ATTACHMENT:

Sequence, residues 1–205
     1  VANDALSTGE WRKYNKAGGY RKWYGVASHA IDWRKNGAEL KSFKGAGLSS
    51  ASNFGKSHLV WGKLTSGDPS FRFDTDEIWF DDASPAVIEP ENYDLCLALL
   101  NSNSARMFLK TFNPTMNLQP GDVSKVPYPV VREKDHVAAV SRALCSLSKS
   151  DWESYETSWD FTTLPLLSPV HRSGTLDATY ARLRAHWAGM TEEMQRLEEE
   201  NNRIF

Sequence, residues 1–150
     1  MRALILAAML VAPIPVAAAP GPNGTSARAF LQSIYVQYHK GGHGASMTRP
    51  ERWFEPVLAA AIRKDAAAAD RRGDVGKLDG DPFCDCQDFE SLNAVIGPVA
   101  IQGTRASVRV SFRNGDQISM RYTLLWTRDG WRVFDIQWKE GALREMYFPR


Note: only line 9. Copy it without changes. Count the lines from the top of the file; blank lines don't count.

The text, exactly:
    51  ERWFEPVLAA AIRKDAAAAD RRGDVGKLDG DPFCDCQDFE SLNAVIGPVA